• AC Power: Current that changes directions
  • DC Power: Current that goes in one direction
  • Conductor: A material that electrons flow through
  • Insulator: A material that electrons do not flow through well
  • Conduit, Raceway, Enclosure: Coverings for piping or wires
  • Over-current device: Circuit breakers, fuses, or temperature sensors are examples of over-current devices.
  • Diode: An electrical component containing an anode and a cathode
  • Power Inverter: Changes DC power to AC power
  • Switchgear: Controls the flow of electrons through a circuit, allows isolation of some part of the circuit by switching it on or off
  • Transformer: Changes electricity from high to low voltage
  • Terminal, Connector: The point where wires come to an end or join
  • Grounding Equipment: Grounding directs electrical energy into the earth by providing a conductor that is less resistant than you are.
  • Resistor: Restricts the flow of current
  • Thermistor: Temperature-sensitive resistors
  • Inductor: Can slow and reshape alternating currents  in systems where current and voltage change a lot.
  • Capacitor: Two conductors separated by an insulator, stores energy, blocks DC but allows AC to pass
  • Test meters: Voltmeter (measures volts), ammeter (measures current), ohmmeter (measures resistance), watt-hour meter (measures the amount of electricity being used)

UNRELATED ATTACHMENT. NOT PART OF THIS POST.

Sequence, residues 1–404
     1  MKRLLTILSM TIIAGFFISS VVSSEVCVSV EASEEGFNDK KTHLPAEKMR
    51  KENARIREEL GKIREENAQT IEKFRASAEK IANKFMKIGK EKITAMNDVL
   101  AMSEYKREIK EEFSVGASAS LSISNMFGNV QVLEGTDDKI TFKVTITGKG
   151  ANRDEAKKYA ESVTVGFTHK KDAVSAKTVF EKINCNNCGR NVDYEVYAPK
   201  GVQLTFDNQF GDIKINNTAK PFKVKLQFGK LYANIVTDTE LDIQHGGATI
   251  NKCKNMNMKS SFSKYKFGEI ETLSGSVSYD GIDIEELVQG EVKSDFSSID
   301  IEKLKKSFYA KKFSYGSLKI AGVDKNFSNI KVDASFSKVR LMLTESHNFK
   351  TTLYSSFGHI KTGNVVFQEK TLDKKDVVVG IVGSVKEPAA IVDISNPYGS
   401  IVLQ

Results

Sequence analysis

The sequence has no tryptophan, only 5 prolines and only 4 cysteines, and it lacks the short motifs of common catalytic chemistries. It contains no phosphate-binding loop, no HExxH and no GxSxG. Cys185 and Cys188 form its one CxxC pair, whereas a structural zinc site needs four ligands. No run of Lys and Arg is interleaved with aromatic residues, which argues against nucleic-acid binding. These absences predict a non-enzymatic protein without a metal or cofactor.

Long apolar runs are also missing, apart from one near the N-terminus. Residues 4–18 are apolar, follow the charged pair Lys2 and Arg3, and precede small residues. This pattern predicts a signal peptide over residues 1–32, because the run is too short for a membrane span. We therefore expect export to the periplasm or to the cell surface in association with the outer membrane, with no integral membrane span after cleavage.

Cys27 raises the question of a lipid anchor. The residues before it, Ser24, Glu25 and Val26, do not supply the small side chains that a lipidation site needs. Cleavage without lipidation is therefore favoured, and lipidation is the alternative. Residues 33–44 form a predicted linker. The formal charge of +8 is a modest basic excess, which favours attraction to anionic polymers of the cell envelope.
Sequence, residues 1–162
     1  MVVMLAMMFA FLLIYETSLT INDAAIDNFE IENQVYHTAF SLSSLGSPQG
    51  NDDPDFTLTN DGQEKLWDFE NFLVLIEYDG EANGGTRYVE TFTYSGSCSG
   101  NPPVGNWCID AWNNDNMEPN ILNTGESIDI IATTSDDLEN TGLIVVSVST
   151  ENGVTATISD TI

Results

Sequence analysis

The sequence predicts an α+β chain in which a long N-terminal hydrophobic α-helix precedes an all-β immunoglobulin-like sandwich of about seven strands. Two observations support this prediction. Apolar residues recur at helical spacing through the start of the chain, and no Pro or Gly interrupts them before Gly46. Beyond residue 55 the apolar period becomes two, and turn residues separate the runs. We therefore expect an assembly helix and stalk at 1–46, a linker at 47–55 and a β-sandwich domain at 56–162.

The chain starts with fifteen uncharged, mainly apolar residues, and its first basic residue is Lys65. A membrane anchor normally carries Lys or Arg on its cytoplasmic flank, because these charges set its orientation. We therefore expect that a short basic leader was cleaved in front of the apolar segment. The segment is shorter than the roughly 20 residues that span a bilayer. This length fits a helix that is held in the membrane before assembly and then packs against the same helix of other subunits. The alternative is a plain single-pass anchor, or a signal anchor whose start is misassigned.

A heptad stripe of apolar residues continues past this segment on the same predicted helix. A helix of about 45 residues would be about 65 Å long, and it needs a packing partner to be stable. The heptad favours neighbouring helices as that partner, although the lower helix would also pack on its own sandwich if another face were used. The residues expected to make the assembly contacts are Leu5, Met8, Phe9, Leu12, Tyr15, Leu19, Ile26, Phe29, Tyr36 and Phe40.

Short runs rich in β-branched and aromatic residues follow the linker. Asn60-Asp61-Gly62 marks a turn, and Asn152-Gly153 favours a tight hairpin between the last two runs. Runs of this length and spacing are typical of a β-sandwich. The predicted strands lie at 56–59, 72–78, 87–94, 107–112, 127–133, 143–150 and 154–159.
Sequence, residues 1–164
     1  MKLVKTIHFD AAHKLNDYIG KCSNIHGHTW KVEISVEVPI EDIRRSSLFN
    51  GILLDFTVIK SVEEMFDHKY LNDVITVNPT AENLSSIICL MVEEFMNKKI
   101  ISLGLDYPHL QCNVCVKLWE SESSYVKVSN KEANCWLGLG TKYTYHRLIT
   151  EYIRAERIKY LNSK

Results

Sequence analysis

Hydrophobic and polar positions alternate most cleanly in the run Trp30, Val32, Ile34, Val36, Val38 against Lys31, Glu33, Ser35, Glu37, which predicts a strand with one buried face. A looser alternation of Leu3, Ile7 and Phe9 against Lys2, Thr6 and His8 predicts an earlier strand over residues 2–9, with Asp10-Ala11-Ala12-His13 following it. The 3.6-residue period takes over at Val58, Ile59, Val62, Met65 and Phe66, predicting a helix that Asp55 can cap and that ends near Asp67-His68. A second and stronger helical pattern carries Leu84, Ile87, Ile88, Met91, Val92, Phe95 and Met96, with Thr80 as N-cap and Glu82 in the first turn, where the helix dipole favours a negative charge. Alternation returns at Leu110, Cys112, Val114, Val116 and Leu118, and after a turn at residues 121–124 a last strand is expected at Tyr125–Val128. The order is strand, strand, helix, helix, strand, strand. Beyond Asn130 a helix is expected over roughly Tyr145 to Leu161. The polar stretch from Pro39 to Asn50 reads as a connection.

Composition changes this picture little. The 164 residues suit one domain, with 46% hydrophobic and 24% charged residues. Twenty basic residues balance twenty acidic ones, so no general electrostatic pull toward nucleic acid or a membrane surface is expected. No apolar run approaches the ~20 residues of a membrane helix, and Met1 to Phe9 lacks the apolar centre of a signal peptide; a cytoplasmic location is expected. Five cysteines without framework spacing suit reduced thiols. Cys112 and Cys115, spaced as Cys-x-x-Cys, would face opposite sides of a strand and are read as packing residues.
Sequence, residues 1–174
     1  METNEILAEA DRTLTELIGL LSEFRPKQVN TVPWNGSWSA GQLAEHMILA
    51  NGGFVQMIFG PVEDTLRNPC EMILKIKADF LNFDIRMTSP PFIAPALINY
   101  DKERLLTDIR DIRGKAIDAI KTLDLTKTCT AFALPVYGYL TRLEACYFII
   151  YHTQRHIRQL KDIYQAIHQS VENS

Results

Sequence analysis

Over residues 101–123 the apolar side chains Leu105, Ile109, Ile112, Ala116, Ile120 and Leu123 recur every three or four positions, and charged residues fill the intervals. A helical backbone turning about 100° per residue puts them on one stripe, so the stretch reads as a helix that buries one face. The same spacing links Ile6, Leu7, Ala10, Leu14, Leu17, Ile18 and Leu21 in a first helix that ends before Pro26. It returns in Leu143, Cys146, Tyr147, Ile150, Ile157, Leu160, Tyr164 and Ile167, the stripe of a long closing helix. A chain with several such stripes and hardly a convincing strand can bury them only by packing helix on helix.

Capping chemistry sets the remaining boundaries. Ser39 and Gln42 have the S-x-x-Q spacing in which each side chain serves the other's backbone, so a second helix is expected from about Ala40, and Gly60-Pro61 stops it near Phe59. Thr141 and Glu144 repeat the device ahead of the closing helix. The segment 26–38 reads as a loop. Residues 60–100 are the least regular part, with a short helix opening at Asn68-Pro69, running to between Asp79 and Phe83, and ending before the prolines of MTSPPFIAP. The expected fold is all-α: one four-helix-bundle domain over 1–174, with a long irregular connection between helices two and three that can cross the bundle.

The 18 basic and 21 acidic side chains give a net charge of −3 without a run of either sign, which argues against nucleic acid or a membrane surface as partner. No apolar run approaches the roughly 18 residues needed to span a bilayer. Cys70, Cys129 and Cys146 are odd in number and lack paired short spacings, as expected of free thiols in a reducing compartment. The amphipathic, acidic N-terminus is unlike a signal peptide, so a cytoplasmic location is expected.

References

  1. VR-Zone: AC and DC current: Fundamental differences and a simple explanation. http://vr-zone.com/articles/ac-and-dc-current-fundamental-differences-and-a-simple-explanation/11194.html
  2. John Balfour, Michael Shaw, and Nicole Bremer Nash. The Art and Science of Photovoltaics: Review Guide for the NABCEP Entry-Level Exam
  3. Figure 1 Image Credit: http://www.cdn.sciencebuddies.org/Files/4911/7/closed-open-circuit-diagram_img.jpg
  4. Figure 2 Image Credit: http://www.cdn.sciencebuddies.org/Files/4912/6/short-circuit-diagram_img.jpg
  5. Figure 3 Image Credit: http://i132.photobucket.com/albums/q27/stesul411/ohmslaw3.gif

Further Reading:
For even more quality information on the basics of electrical systems, the Siemens corporation’s quickSTEP Training Program offers very easy-to-read instructions for numerous subtopics of electricity. (Note: this training material focuses on products made specifically by the company, but it is still a very useful primer for beginners.) Click here to Browse their PDF Downloads.